﻿ How to Calculate Your Take-home Pay From a Salary

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# How to Calculate Your Take-home Pay From a Salary

1.

Multiply your salary by 7.65 percent to calculate the amount that will be deducted from your paycheck for payroll taxes. The 7.65 percent accounts for both Medicare and Social Security taxes. For example, if your monthly salary is \$2,800, you would multiply \$2,800 by 0.0765 to get \$214.20.

2.

Check your financial records or ask your employer to see your W-4 form to determine how many personal allowances you claimed. The number of personal allowances decreases the amount of your salary subject to tax withholding.

3.

Multiply the number of allowances you claimed on your W-4 form by the value of a single personal allowance. The value changes annually to adjust for inflation. For 2010, each allowance equals \$3,650, so if you claimed three allowances you would multiply \$3,650 by 3 to get \$10,950.

4.

Divide the value of your personal allowances by the number of pay periods per year. For example, if you are paid weekly, you would divide by 52 while if you were paid monthly, you would divide by 12. Continuing the example, if you were paid monthly you would divide \$10,950 by 12 to get \$912.50.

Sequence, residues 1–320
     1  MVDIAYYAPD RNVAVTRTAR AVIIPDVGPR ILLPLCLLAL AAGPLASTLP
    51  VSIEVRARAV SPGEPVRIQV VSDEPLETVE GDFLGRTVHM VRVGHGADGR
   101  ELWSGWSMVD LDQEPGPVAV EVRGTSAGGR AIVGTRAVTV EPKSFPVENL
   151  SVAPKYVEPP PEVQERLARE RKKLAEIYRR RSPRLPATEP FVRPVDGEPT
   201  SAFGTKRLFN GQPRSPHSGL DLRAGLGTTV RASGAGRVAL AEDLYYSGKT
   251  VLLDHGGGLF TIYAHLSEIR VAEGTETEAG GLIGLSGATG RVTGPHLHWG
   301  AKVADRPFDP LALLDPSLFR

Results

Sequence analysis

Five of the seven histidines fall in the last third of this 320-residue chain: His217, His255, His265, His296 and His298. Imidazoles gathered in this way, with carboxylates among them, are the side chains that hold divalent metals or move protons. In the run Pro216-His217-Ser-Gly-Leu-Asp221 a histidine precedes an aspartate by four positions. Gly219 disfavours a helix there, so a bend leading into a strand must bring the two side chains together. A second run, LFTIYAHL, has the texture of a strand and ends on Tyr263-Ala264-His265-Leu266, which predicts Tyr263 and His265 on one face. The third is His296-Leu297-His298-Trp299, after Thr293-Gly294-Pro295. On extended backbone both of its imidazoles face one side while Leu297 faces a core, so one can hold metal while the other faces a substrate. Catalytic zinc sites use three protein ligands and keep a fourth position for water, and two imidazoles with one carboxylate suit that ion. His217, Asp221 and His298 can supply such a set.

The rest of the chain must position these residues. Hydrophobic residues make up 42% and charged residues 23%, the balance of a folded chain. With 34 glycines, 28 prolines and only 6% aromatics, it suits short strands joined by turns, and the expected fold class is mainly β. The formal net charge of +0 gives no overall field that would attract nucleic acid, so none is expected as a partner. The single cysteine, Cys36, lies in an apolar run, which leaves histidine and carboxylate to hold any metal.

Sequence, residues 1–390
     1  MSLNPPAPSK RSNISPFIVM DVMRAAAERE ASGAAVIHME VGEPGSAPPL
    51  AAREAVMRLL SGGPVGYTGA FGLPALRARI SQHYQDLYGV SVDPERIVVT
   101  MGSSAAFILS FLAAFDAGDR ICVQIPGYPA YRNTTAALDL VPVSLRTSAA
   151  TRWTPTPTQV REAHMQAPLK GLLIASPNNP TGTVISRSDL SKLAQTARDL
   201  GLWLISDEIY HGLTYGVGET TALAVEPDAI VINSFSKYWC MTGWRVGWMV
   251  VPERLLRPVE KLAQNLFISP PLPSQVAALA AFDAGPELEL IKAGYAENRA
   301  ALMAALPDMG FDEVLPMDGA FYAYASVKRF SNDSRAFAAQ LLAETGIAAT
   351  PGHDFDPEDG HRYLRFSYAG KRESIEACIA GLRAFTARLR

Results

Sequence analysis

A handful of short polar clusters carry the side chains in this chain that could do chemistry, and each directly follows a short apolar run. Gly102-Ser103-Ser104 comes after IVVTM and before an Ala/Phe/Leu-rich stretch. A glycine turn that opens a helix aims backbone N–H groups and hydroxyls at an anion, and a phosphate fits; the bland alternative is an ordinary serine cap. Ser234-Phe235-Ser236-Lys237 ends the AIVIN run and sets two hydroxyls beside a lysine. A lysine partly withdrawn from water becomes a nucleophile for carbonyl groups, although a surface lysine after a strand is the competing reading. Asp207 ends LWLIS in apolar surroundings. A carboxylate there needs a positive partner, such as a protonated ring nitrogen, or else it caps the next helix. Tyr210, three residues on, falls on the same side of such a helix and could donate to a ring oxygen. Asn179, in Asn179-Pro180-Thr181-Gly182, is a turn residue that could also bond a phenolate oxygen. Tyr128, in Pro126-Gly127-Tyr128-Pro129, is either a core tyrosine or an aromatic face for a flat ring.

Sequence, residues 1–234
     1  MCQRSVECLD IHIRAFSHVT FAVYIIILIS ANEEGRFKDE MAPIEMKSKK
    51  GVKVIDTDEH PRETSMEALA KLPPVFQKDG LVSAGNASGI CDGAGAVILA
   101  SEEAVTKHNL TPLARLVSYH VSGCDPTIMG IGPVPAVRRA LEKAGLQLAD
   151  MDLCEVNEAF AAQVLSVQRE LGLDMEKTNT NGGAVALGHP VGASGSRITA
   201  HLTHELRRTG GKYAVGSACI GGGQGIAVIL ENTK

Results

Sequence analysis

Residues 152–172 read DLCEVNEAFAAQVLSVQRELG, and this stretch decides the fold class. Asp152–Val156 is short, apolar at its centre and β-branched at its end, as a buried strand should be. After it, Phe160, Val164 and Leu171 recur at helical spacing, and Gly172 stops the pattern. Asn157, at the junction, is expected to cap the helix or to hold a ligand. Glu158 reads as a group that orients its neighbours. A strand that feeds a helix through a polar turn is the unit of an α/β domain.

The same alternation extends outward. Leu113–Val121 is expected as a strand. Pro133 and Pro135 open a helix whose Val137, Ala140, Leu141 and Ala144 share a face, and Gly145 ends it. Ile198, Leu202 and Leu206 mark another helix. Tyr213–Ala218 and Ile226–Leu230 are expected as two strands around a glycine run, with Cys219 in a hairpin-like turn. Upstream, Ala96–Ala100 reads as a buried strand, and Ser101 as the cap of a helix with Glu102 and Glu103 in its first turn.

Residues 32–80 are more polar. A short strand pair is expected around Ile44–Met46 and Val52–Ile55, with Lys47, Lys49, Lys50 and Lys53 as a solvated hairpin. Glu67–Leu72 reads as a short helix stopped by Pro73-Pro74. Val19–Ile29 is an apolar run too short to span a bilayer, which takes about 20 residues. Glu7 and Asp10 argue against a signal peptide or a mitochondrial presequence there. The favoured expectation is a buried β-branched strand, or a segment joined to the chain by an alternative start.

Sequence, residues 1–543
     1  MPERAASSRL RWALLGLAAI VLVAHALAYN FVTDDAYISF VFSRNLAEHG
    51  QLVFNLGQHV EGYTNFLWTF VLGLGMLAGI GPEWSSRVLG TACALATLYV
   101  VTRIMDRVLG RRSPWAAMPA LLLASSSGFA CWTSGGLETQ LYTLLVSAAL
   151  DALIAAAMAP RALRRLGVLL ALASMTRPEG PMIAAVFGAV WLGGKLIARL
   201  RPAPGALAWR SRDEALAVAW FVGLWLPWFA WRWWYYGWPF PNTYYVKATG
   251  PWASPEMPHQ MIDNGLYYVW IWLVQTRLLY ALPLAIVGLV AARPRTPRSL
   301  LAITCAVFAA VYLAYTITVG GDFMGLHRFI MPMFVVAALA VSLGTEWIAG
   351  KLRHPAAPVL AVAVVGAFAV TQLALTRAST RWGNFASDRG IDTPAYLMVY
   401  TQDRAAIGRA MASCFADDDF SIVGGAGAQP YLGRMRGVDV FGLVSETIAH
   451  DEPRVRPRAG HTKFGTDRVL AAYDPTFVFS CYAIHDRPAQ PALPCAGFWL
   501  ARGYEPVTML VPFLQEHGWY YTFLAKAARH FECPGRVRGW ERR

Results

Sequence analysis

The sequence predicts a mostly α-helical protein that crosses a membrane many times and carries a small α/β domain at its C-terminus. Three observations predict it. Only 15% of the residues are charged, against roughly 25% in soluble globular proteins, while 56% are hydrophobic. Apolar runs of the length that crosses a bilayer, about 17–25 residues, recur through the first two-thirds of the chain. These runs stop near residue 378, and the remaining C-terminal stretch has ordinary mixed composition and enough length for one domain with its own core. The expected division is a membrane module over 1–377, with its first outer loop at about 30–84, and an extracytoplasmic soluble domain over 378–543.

5.

Subtract the value of your allowances per pay period from your salary per pay period. For example, if you earned \$2,800 each month, you would subtract \$912.50 from \$2,800 to get \$1,887.50.

6.

Use the appropriate federal income tax withholding tables based on your filing status and pay period. Continuing the example, if you were single you would use the monthly payroll period single tax withholding table to find that with \$1,887.50 subject to withholding, you would have \$189.28 withheld for federal taxes.

7.

Contact your state and local departments of revenue to find out if your paycheck is subject to state and local income taxes. These rates vary by state and locality.

8.

Subtract the amount of payroll taxes, federal income taxes and, if applicable, state and local income taxes from your salary to determine how much take-home pay you will get to keep each pay period.

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